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Old and New Edinburgh Vol. III


96 OLD AND NEW EDINBURGH. [The Mound. arts classes as well as those for theology; and accordingly Mr. Patrick C. Macdougal was appointed, in 1844, Professor of Moral Philosophy, the Rev. John Millar was appointed Classical Tutor, and in 1845 the Rev. Alexander C. Fraser was appointed Professor of Logic. To give effect to the view long cherished by the revered Dr. Chalmers, that logic and ethics should follow the mathematical and physical sciences in the order of study, the usual order thereof was practically altered, though not imperatively so. procured in George Street, and there the business of the college was conducted until 1850. These class-rooms were near the house ot Mr. Nasmyth, an eminent dentist, and as the students were in the habit of noisily applauding Dr. Chalmers, their clamour often startled the patients under the care of Mr. Nasmyth, who by letter requested the reverend principal to make the students moderate their applause, or express it some other way than beating on the floor with their feet. On this, Dr. Chalmers promptly informed THE BANK OF SCOTLAND, FROM PRINCES STREET GARDENS. The provision thus made for arts classes was greatly due to the circumstance that at that time the tests imposed upon professors in the established universities were of such a nature and mode of application as to exclude from the professorial chairs all members of the Free Church. When these tests were abolished, and Professors Fraser and Macdougal were elected to corresponding chairs in the University of Edinburgh, in 1853 and 1857, this extended platform was renounced, and the efforts of the Free Church of Scotland were concentrated exclusively upon training in theology. Premises-however, inadequate for the full development of the intended system-were at once them of the dentist?s complaint, and begged that they would comply with his request. ?I would be sorry indeed if we were to give offence to any neighbour,? said the principal j adding, with a touch of that dry humour which was peculiar to him, ?but more especially Mr. Nasmyth, a gentleman so very much in the mouths oi the public.? Immediately after the Disruption, Dr. Chalmers had taken active steps to secure for the Free Church a proper system of theological training, in full accordance with the principles he had advocated so long, and subscription lists were at once opened to procure a building suited to the object. Each contributor gave Lz,ooo, and Dr. Welsh succeeded in obtaining from twentp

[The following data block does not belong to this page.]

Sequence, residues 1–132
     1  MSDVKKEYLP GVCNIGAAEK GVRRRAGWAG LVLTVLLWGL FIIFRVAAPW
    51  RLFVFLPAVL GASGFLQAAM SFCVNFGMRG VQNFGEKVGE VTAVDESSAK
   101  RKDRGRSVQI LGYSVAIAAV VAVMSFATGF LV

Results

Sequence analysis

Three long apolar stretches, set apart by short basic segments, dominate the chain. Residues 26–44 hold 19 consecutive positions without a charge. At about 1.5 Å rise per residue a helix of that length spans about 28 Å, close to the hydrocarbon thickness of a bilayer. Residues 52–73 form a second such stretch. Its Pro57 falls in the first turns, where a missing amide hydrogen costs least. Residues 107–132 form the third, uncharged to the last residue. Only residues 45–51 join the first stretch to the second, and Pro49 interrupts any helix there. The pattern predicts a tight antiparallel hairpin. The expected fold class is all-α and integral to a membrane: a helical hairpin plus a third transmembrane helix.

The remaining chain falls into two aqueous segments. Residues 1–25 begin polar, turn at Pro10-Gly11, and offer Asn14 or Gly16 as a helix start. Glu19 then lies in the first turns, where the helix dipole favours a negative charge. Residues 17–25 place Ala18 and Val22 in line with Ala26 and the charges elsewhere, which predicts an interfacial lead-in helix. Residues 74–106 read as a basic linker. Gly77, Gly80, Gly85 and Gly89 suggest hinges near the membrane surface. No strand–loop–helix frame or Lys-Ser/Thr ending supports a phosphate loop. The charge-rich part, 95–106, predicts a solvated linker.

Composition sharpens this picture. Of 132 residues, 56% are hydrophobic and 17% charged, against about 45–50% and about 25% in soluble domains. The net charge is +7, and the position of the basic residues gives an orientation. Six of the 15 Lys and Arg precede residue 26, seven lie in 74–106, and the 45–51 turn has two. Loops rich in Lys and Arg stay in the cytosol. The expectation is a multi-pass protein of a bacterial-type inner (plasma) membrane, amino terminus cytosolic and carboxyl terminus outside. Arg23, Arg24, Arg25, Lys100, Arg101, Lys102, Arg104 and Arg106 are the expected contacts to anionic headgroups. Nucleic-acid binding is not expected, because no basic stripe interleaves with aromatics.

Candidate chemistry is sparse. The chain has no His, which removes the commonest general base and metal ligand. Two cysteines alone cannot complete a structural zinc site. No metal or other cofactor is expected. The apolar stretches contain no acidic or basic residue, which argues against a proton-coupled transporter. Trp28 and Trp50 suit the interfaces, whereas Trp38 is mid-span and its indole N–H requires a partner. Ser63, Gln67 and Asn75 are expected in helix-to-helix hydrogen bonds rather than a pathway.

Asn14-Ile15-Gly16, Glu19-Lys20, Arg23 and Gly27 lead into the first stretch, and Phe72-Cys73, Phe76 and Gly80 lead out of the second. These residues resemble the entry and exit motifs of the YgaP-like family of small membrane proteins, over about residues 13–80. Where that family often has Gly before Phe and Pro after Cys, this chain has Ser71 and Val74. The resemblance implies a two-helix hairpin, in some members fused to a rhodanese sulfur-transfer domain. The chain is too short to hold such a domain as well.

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THE FREE CHURCH COLLEGE. 97 The Mound] one persons ;61,ooo each, a sum which more than sufficed to purchase the site of the college-the old Guise Palace, with its adjacent closes-and to erect the edifice, while others were built at Glasgow and Aberdeen. Plans by W. H. Playfair, architect, were prepared and adopted, after a public competition had been resorted to, and the new buildings were at once proceeded with. The foundation stone was iaid on the 4th of June, 1846, by Dr. Chalmers, ~ The stairs on the south side of the quadrangle lead to the Free Assembly Hall, on the exact site of the Guise Palace. It was erected from designs by David Bryce, at a cost of A7,000, which was collected by ladies alone belonging to the Free Church throughout Scotland. The structure was four years in completion, and was opened on the 6th of November, 1850,under the sanction of the Commission of the Free General Assembly, by their moderator, Dr. N. Paterson, LIBRARY OF THE FREE CHURCH COLLEGE. (Fwm o P/wtozm#h by G. W. Wi&on and Co.) exactly one year previous to the day which saw his remains consigned to the tomb. The ultimate cost was ;646,506 8s. Iod., including the price of the ground, Ero,ooo. The buildings are in the English collegiate style, combining the common Tudor with somd of the later Gothic They form an open quadrangle (entered by a handsome groined archway), 165 feet from east to west and 177 from south to north, including on the east the Free High Church. The edifice has two square towers (having each four crocketed pinnacles), IZI feet in height, buttressed at the corners from base to summit. There is a third tower, 95 feet in height. The college contains seven great class-rooms, a senate hall, a students' hall, and a library, the latter adorned with a statue of Dr, Chalmers as Principal, by Steel 61 who delivered a sermon and also a special address to the professors and students. Subsequently, this inaugural sermon and the introductory lectures delivered on the same occasion to their several classes by Professors Cunningham, Buchanan, Bannerman, Duncan, Black, Macdougal, Fraser, and Fleming, were published in a volume, as a record of that event. The constitution of this college is the same as that of the Free Church colleges elsewhere. The Acts of Assembly provide for vesting college property and funds, for the election of professors, and for the general management and superintendence of college business. The college buildings are vested in trustees appointed by the Church. A select committee is also appointed bp the j General Assembly, consisting of " eleven ministers
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